Bank (n): a place where something is stored ready for use Oxford Dictionary
BrainBank (n): a place where ideas are collected Harshvardhan Pandit
Volume controls on TV these days can go up to 100 steps, or even more. At such points, I find it tedious to rack up the volume in single steps. Even keeping the button pressed does nothing but accelerate the single incremental increase in the volume, something that my compulsive nature finds unacceptable. I want to have a simple, effective way to quickly get the volume at any high or low point. I'm sure the TV manufacturers have build an accelerating algorithm to increase the volume, but it isn't apparent, and it isn't effective.
I have a concept of a volume control where the volume first goes up or down to the nearest multiple of 5 in single steps, and after that increases in multiples of 3 or 5, whichever makes more sense based on the TV and total volume steps.
So increasing a volume from say, 10 to 25 would go as:
1. 10 2. 10 + 1 = 11 3. 11 + 1 = 12 4. 12 + 1 = 13 5. 13 + 2 = 15 6. 15 + 5 = 20 7. 20 + 5 = 25
It doesn't make for an effective way to get the volume from 10 to 18, but I don't like 18, so that's ok. I like to go to 20, which is an multiple of 5, just to keep consistency between the different volume levels. If the number of volume levels were less, I'd be thinking in terms of multiples of 3.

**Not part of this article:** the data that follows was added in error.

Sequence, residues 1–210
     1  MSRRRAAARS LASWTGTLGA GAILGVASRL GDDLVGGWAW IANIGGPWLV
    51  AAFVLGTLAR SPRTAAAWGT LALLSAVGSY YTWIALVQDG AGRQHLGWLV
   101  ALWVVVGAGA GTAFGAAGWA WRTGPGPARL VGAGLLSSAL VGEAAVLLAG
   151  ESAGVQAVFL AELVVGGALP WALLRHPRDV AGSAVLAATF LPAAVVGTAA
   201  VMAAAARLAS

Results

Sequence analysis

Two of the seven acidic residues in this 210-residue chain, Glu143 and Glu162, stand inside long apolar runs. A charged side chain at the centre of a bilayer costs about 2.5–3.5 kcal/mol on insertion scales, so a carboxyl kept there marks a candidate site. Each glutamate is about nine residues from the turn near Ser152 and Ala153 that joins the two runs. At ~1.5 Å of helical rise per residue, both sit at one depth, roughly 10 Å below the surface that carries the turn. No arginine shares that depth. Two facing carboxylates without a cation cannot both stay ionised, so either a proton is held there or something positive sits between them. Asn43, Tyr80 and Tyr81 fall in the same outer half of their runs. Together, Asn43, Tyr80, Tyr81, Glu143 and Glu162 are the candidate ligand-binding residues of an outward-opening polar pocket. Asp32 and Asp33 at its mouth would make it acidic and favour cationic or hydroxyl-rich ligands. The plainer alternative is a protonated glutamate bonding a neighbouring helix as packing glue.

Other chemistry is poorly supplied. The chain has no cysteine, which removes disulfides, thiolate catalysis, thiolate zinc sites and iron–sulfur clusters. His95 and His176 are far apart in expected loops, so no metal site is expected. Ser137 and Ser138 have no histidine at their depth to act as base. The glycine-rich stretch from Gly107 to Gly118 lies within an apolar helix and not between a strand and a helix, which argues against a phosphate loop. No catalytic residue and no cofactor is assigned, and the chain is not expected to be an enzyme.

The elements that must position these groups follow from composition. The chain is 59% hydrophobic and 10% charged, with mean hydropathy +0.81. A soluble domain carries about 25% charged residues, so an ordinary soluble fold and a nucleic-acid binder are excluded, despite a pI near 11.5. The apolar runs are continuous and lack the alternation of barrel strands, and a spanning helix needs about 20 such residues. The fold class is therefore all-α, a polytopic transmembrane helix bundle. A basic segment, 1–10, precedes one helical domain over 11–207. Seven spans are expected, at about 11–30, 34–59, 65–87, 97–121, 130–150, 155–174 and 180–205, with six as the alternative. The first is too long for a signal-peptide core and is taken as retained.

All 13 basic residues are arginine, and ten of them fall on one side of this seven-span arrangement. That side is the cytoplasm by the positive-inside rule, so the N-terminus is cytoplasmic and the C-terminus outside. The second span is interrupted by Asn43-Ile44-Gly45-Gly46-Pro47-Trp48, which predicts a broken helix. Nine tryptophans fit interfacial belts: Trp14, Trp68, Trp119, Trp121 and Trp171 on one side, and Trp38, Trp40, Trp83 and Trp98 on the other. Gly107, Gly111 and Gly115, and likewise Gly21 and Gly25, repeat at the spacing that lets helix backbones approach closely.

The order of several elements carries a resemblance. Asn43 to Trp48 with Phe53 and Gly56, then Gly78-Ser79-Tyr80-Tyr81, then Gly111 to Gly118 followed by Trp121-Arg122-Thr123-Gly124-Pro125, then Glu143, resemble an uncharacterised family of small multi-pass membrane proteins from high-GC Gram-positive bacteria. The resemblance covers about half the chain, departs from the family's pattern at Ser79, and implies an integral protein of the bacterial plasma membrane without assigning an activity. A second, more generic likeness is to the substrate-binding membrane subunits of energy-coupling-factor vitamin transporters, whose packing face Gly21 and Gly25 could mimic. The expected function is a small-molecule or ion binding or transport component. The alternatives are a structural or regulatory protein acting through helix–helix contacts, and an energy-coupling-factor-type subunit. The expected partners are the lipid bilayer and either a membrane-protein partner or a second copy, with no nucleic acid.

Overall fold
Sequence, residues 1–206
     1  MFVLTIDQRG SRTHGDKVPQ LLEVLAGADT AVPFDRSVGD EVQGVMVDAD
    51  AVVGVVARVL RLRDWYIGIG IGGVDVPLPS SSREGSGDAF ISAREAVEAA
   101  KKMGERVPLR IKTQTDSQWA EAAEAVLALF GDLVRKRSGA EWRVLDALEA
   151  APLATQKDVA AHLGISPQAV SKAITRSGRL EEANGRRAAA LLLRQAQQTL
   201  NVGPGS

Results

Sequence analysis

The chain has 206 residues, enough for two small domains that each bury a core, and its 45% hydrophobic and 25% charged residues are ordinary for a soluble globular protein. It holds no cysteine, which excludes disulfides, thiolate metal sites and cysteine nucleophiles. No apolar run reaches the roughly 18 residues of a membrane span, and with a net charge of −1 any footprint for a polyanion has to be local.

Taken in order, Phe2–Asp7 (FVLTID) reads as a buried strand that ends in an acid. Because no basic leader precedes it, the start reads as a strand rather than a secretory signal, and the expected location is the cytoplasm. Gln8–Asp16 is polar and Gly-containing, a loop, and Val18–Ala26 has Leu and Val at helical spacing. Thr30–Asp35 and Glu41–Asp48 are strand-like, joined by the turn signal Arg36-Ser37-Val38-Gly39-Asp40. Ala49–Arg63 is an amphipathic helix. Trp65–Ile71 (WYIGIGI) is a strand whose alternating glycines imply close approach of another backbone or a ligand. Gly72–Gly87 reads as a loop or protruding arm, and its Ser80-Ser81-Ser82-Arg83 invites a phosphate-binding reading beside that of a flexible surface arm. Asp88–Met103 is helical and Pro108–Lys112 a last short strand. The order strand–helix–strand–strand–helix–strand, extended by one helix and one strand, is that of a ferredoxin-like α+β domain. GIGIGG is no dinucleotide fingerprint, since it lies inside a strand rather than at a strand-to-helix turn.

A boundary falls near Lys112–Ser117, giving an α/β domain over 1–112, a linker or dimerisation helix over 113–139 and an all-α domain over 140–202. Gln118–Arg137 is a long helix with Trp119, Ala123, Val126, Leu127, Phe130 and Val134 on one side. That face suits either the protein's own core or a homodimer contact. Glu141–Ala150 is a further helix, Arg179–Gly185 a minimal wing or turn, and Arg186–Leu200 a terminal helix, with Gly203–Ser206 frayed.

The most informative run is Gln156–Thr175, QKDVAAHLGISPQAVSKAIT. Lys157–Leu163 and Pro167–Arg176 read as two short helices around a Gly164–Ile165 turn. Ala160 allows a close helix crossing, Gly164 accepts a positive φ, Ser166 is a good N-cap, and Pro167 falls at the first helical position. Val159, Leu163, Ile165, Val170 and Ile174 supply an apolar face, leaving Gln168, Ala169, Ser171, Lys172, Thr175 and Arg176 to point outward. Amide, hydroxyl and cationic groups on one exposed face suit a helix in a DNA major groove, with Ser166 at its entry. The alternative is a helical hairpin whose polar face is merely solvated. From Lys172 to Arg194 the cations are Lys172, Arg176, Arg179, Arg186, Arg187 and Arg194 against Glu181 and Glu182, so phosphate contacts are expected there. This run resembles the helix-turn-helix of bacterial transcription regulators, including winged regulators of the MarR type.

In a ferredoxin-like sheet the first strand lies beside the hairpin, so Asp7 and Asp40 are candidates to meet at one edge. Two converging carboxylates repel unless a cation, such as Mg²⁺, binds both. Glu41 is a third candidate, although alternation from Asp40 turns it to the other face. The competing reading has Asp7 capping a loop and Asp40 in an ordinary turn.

We all set Reminders on our phones for all kinds of things like grocery shopping, making a call, or for meetings. These reminders can only be set in a few existing contexts, which do not match with what we want to be reminded about. Compared with the power smartphones possess by being with us always, and by having all our tasks done through it, reminders need to evolve to be able to do more.
Reminders need to evolve as other facets of smartphones have. With the huge variety in the kind of apps that are coming out, reminders need to be native in the way they are represented. More contexts need to be recognized and used to set reminders.
More experiments are required to hack existing apps and api’s to provide the kind of functionality described here. For other requirements, new standards and api’s need to be adapted by developers to make their apps recognize these new set of reminders.
More complex contexts require additional thinking and tinkering. Creating reminders almost as equivalent to as we think of them requires a very complex implementation of features. This requires some radical rethinking of existing paradigms of how user data is handled in smartphones.Why reminders need to be more relevant